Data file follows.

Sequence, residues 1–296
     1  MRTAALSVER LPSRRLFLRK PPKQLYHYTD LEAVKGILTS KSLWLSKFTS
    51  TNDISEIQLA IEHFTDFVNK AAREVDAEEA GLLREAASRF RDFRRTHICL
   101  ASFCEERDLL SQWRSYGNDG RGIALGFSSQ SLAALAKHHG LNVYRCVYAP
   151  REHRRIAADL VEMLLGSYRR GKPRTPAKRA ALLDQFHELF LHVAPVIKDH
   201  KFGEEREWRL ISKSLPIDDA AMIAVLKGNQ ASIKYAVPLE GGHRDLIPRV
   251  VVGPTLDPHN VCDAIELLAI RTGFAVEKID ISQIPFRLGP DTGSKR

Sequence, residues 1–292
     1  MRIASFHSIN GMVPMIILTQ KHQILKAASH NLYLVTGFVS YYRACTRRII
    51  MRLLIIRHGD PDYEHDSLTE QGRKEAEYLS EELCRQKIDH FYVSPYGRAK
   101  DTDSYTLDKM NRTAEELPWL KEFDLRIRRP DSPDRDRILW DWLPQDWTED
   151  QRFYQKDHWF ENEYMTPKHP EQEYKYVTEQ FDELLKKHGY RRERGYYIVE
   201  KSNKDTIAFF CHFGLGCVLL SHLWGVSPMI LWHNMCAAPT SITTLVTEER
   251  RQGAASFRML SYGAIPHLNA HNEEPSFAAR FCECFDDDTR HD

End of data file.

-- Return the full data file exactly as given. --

Sequence, residues 1–296
     1  MRTAALSVER LPSRRLFLRK PPKQLYHYTD LEAVKGILTS KSLWLSKFTS
    51  TNDISEIQLA IEHFTDFVNK AAREVDAEEA GLLREAASRF RDFRRTHICL
   101  ASFCEERDLL SQWRSYGNDG RGIALGFSSQ SLAALAKHHG LNVYRCVYAP
   151  REHRRIAADL VEMLLGSYRR GKPRTPAKRA ALLDQFHELF LHVAPVIKDH
   201  KFGEEREWRL ISKSLPIDDA AMIAVLKGNQ ASIKYAVPLE GGHRDLIPRV
   251  VVGPTLDPHN VCDAIELLAI RTGFAVEKID ISQIPFRLGP DTGSKR

Sequence, residues 1–292
     1  MRIASFHSIN GMVPMIILTQ KHQILKAASH NLYLVTGFVS YYRACTRRII
    51  MRLLIIRHGD PDYEHDSLTE QGRKEAEYLS EELCRQKIDH FYVSPYGRAK
   101  DTDSYTLDKM NRTAEELPWL KEFDLRIRRP DSPDRDRILW DWLPQDWTED
   151  QRFYQKDHWF ENEYMTPKHP EQEYKYVTEQ FDELLKKHGY RRERGYYIVE
   201  KSNKDTIAFF CHFGLGCVLL SHLWGVSPMI LWHNMCAAPT SITTLVTEER
   251  RQGAASFRML SYGAIPHLNA HNEEPSFAAR FCECFDDDTR HD